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The Iron Curtain

The Iron Curtain(1948)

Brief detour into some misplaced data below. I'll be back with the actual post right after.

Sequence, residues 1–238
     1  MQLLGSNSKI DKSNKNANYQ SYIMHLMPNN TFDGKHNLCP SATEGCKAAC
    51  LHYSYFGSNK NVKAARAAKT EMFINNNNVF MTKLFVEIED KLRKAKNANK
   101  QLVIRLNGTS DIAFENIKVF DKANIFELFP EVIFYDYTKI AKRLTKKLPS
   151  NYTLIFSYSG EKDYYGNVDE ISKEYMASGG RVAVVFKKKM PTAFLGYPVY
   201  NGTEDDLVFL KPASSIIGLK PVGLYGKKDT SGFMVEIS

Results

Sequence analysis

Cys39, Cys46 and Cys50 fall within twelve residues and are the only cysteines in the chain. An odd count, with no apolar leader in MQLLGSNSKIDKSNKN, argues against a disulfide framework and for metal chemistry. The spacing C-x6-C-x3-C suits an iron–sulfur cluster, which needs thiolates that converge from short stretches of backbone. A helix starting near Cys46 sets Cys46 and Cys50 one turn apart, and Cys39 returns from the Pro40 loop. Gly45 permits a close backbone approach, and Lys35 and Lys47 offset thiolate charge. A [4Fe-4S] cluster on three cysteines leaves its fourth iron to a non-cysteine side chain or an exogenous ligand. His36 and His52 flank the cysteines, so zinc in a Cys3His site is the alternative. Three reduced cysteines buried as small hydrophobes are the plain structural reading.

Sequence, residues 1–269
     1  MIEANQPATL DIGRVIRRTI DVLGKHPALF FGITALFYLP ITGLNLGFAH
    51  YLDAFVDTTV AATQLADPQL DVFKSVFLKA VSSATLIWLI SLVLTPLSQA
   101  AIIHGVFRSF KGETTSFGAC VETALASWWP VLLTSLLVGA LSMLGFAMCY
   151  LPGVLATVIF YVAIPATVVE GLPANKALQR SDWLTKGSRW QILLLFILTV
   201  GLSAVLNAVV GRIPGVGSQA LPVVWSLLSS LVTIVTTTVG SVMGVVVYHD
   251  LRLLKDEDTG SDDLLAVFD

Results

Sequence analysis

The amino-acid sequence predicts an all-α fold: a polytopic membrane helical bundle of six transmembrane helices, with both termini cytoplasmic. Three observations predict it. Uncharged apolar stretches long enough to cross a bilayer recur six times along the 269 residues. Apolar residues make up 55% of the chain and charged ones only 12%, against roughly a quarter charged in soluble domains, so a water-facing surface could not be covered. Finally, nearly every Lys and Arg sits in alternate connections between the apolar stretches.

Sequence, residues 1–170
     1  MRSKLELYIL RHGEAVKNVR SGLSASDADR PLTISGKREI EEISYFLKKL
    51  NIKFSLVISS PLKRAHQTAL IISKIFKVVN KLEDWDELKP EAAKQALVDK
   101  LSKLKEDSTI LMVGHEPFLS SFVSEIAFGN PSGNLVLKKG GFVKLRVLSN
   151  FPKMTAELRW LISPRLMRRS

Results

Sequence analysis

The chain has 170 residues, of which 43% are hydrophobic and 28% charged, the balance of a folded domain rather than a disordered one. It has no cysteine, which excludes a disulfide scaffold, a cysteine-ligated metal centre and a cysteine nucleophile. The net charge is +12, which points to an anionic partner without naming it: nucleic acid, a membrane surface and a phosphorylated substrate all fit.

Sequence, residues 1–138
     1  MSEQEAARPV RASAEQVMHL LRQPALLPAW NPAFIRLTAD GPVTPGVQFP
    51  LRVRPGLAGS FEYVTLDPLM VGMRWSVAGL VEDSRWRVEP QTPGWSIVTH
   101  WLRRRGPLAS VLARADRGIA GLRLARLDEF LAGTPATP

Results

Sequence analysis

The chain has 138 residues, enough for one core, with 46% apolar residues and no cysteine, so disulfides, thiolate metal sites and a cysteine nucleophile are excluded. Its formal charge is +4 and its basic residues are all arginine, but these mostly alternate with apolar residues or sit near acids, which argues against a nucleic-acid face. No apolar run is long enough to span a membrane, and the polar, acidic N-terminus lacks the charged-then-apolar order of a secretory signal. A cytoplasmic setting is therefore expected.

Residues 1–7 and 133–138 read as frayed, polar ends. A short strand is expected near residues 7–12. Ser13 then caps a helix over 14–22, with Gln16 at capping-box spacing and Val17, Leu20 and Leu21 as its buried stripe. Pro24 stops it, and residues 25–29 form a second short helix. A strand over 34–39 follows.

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Early in 1943, three new additions to the staff of the Soviet Embassy in Ottawa arrive from Russia. They are Col. Trigorin, military attaché; Maj. Kulin, Trigorin's aide and secretary, and Igor Gouzenko, cypher clerk and decoding expert. Igor is interviewed by the head of the embassy's secret police, Ranev, and is told that no one, not even members of the embassy staff, must know his real identity and mission. Ranev assigns agent Karanova to test Igor's obedience, but Igor resists her charms. The first message from Moscow that Igor decodes instructs Trigorin and Ranev to meet with John Grubb, an agent and the founder of the Canadian communist party, who receives his orders directly from Moscow. As part of his attempt to infiltrate branches of the Canadian government, Grubb meets with Leonard Leitz, the Member of Parliament from Montreal. Calling themselves "The Associated Friends of Soviet Russia," Grubb and Leitz invite a number of potential members to a dinner in honor of Trigorin. Specifically, Grubb is trying to recruit Capt. Donald Class of the Canadian Air Force. Class volunteers to provide information and becomes an active agent, recruiting several Canadians with access to top secret materials. Igor's wife Anna then arrives from Russia and, once settled in their small apartment, tells him that she is going to have a child. Months pass quickly and the Gouzenkos explore Ottawa. One evening Anna introduces a neighbor, Mrs. Foster, to Igor, who treats her very coldly and later reminds Anna that they are forbidden to fraternize. In the middle of a snowy night, Igor is summoned to the embassy to prepare a coded message about a uranium plant being built. While he is working, Anna gives birth to a son. As Moscow is particularly interested in the uranium project, Grubb visits Dr. Harold Norman, a former Soviet ally who is working in the National Research Council laboratory on an atomic energy project. Grubb wants detailed notes on the project as well as samples of the uranium. He suggests to Norman that it would be his contribution to the safety of mankind to give him the information so that all can have it and thus ensure that the U.S. and Canada will not dare use it. Plans for the production of an atomic bomb and a sample of uranium 233 are hand-carried to Moscow by Trigorin. The first atomic bomb is dropped on Japan and the war ends, but the Soviets maintain their network of agents. Anna is beginning to have doubts about their roles and the future of their son. Due to his criticisms of the Moscow regime, Maj. Kulin, whose disillusioned father was one of the heroes of the Revolution, learns that he may be sent back to Russia. Kulin's and Anna's doubts increase Igor's own confusion, and he tells Anna that, because he will have to answer to his son as Kulin's father has had to do, they will not return to Russia. Igor formulates a plan and selects key documents from his files at the embassy, but is suddenly informed that he is being replaced and returned to Russia. Unable to reach officials in the Canadian government, Igor gives Anna the documents to give to the police in the event that anything happens to him and sends her to a neighbor's apartment. Soon after, Ranev and Trigorin come to tell Igor that unless he returns the papers, his family in Russia will be killed. Just then Anna suddenly arrives with two Canadian policemen, and although he realizes that his and Anna's families will eventually pay the ultimate price for his action, Igor tells Anna to give the documents to the police. The Russians protest and demand the return of the papers, which they say were stolen from the embassy. The policeman informs Ranev that the law requires that stolen property be identified and claimed at police headquarters. After Igor, Anna and their son are put in protective custody, newspaper headlines announce that a major Member of Parliament is to be arrested in a spy probe. The major Russian officials are recalled to Moscow, and Grubb, Leitz, Class and the other Canadian agents are put on trial and found guilty. Igor and his family are granted residency in Canada but must live under protection of the Canadian police.